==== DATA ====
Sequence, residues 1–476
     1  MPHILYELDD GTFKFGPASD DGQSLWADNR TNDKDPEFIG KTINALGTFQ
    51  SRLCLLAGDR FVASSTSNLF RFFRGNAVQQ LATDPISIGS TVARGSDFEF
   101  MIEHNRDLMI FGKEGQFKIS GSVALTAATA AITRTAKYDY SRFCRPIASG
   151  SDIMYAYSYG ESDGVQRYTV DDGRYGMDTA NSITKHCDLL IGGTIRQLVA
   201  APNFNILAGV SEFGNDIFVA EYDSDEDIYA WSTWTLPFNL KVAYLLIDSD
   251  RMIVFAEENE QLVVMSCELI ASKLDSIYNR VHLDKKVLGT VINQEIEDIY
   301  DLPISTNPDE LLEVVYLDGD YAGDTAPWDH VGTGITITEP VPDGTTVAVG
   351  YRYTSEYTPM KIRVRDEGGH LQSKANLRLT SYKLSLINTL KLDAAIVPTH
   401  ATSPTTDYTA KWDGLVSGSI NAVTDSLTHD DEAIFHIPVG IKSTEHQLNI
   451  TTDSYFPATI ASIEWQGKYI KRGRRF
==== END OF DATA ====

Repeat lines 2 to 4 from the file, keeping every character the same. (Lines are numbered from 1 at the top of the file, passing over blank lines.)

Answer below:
     1  MPHILYELDD GTFKFGPASD DGQSLWADNR TNDKDPEFIG KTINALGTFQ
    51  SRLCLLAGDR FVASSTSNLF RFFRGNAVQQ LATDPISIGS TVARGSDFEF
   101  MIEHNRDLMI FGKEGQFKIS GSVALTAATA AITRTAKYDY SRFCRPIASG